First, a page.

Keeping Chronic Illness Real: Augustus Waters and I Share a Thought

Just in case you’re not a teenage girl- Augustus Waters is a fictional creation from John Green’s The Fault in Our Stars. It’s a somewhat cliché story of two teenagers dying from cancer who fall in love, but I must admit I actually own both the book and the movie. I liked that Green at least made an effort to make it real–some of the thoughts and feelings his young characters express were very, very real to me. I’m not sure why but this morning I was thinking about the one sentence from that book that has stayed with me for the two years since I read it–a three word phrase that Augustus tearfully repeats over and over again when the weight of his illness is simply too much.

“I hate myself.”

“I hate myself I hate myself.” He says. He is upset because he wanted to do just one thing for himself and he couldn’t. He realizes his illness has taken his independence–has taken over his entire life.

I remember once thinking those exact words. I was in the shower, crying. I’d just had a wonderful day–I got to go on multiple walks in the beautiful spring weather and I’d gotten to eat lots of yummy food. I had done normal people stuff and at the time that still wasn’t normal to me. It was a month or two after I had started being able to eat solid food again–I know I haven’t really told that story yet, I will sometime–suffice it to say I had been very sick for about a year. At the point I found myself crying in the shower I had been getting better for a couple months. I’d just had a great day and I was miserable. It all still seemed too good to be true–a normal day, the possibility of a normal life again. Every day, every second, I was terrified that it would all disappear–that I would get sick again. I was so angry at myself that I couldn’t just enjoy it all, that I was so afraid all the time. I felt so small. I thought those three poisonous little words again and again as I sobbed.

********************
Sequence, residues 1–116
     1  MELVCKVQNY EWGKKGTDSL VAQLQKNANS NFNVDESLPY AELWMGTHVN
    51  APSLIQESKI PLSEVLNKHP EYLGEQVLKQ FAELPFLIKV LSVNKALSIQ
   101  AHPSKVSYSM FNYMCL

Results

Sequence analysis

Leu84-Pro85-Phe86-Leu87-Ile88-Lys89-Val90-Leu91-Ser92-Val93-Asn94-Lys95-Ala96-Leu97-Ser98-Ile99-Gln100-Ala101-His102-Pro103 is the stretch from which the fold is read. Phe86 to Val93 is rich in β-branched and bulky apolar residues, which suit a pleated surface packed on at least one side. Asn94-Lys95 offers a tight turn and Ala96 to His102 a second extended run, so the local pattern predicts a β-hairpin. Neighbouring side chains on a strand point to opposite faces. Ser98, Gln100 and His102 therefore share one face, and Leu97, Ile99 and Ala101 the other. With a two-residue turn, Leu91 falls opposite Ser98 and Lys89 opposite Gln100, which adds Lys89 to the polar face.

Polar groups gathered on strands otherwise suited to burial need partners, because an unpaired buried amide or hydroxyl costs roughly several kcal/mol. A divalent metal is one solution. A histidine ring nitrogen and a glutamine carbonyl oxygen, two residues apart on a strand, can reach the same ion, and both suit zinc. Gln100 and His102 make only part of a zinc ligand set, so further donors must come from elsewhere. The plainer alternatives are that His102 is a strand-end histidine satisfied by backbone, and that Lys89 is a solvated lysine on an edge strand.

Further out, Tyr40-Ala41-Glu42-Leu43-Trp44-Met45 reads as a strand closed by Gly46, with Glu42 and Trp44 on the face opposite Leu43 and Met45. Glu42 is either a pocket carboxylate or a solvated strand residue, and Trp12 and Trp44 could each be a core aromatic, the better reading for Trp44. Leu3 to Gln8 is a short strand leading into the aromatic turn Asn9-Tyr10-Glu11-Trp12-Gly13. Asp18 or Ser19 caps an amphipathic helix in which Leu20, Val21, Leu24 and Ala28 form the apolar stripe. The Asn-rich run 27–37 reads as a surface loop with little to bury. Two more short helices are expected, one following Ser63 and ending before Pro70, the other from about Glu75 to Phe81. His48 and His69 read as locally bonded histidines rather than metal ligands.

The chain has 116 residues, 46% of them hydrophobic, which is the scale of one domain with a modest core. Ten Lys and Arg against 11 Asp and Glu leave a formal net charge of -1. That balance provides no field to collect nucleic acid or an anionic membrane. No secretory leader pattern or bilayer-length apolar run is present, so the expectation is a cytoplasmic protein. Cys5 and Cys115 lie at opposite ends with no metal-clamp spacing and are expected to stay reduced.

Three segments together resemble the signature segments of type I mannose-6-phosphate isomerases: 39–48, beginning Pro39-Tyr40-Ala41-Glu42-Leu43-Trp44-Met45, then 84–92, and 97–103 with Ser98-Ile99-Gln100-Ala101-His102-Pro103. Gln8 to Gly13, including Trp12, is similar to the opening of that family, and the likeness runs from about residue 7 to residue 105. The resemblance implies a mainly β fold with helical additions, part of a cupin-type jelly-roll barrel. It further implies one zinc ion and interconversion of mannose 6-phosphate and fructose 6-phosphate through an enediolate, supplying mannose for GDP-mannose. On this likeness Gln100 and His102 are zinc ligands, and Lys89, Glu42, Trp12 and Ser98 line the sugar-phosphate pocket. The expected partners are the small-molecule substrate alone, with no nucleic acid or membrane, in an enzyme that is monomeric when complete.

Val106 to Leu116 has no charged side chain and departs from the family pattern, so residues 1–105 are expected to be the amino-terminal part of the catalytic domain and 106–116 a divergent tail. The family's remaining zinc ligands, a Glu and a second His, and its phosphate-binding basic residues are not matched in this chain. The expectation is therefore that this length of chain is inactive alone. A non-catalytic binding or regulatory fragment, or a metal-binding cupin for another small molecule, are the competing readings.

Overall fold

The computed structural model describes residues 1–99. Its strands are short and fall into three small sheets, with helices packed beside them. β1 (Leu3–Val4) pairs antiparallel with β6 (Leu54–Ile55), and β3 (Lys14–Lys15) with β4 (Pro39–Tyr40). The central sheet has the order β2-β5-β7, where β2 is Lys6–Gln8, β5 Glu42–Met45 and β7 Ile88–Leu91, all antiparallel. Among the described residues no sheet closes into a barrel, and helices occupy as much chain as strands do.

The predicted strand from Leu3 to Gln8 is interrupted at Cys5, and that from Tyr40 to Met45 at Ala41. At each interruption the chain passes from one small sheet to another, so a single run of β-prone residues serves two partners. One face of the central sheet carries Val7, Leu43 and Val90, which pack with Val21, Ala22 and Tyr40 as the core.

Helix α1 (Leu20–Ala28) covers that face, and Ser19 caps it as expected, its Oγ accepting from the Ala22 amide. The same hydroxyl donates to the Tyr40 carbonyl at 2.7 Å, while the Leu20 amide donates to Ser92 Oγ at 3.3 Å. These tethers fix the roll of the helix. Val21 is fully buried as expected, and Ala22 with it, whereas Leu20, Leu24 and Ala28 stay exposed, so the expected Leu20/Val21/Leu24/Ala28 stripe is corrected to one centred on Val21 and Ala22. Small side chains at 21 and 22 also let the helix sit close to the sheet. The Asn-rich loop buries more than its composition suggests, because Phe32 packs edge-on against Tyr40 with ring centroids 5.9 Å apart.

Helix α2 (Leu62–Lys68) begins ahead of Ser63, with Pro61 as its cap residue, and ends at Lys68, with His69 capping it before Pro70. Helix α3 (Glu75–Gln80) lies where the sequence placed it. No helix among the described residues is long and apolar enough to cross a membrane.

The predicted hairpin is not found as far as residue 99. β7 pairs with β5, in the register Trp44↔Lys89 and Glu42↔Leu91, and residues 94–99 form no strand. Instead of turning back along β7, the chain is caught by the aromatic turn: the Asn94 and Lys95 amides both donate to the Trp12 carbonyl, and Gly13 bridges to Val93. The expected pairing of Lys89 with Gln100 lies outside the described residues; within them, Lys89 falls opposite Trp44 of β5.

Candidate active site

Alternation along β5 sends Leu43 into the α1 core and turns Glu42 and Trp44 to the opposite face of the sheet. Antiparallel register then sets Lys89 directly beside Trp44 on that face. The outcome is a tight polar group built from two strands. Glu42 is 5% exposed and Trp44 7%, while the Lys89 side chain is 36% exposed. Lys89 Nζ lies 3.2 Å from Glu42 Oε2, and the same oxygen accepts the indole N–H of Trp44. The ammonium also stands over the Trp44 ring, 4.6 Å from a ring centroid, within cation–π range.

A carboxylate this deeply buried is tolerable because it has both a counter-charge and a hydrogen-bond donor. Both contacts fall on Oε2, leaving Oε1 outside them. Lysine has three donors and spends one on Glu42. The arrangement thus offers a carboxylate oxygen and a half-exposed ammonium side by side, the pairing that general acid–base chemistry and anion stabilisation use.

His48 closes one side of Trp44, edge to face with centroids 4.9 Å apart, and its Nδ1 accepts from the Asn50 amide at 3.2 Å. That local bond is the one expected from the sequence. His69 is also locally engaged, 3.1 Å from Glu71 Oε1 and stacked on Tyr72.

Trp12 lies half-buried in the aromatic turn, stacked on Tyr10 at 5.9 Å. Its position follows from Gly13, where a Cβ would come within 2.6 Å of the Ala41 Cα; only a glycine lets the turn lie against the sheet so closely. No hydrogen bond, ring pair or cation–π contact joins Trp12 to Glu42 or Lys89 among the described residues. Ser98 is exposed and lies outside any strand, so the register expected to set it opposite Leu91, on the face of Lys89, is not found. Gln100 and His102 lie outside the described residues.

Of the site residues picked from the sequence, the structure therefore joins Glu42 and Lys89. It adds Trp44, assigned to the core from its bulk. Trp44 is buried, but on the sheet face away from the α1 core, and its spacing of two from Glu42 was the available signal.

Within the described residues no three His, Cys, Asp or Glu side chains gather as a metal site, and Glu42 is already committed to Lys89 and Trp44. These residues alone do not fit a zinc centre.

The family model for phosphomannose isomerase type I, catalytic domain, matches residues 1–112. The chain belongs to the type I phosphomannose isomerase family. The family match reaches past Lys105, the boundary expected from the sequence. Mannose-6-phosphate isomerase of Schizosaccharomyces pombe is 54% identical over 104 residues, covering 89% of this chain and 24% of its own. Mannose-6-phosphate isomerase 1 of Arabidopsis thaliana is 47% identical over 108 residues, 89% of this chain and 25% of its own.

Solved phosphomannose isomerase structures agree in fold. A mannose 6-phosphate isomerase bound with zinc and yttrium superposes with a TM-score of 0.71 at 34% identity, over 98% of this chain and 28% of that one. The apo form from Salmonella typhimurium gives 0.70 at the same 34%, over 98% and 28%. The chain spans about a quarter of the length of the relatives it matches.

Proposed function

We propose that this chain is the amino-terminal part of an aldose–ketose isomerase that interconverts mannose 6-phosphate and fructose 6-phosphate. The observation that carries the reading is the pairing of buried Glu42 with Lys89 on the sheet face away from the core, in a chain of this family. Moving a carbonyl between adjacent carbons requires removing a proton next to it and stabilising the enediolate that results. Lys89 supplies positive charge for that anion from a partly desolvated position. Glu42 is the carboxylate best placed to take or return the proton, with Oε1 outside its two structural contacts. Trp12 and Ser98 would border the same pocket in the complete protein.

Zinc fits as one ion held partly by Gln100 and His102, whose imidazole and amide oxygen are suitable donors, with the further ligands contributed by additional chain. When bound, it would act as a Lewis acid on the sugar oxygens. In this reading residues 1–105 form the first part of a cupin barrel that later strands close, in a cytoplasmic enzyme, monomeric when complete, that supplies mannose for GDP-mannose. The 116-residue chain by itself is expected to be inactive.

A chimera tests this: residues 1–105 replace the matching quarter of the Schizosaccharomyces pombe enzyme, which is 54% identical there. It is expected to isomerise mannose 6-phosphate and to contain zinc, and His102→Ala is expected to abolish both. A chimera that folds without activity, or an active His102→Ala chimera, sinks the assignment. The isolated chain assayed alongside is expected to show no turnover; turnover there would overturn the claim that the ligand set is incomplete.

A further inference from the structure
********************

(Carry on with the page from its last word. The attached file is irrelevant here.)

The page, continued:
The truth is I don’t hate myself. Sometimes I hate being me. Sometimes I’m disappointed that I can’t be stronger, braver or more patient. But I don’t hate myself.

When people tell me they admire how I handle my illness I shudder inside. I think of all the moments when I have been so small, angrily crying “not fair;” I think of all the times I have looked around at my peers with envy and bitterness that I cannot do what they can do, that I will never be one of them. I try to be positive and do my best with what I have, but I’m human. Sometimes I get so tired; I become a small, weak shadow that the better part of me loathes, but here’s the kicker: that’s okay.

It’s okay to get mad, to break down, to be small.

Moments like those, they always pass. They pass for me and they will pass for you too. Once they do we pick up, we go on. Some days that’s the best we’ve got. Why should we feel bad about not being perfectly strong or patient or whatever? We’re all just lost boys and girls, trying to present our best, bravest face as we look around hoping that someone else knows what to do.

We’re all a little lost.

There was a girl I knew at school. She had to use canes to help her walk and had a hard time speaking clearly. One day in church we were talking about gratitude and the teacher asked for examples of things we are grateful for. This girl raised her hand and said “I’m grateful for my disability. I can help other people like me. I can help people better because of my disability.”

Later that week I had one of my “when it’s all too much” breakdowns. My sister saw that I was crying and gently coaxed me until I haltingly choked out what was strangling me inside, “I just can’t do it anymore. I’m so tired of being in so much pain. I can’t be like Melba. I can’t be grateful for this.”

I can’t be grateful for my illness.

Look at that, I’m no angel. I used to hate myself for it, but what good does that do? Does it help me handle my illness better? No. It makes me feel depressed. It makes me feel like it’s all for nothing–all the struggle and pain. Well if it was my choice I wouldn’t choose it–life with a body constantly breaking down–but I do know it’s not all for nothing.

What’s it all for then you may ask? Well geez I’m just a lost kid like the rest of you, how’d you expect me to know? I’m just running on faith–faith in a God who loves me and knows what’s best for me–knows what all this is for.




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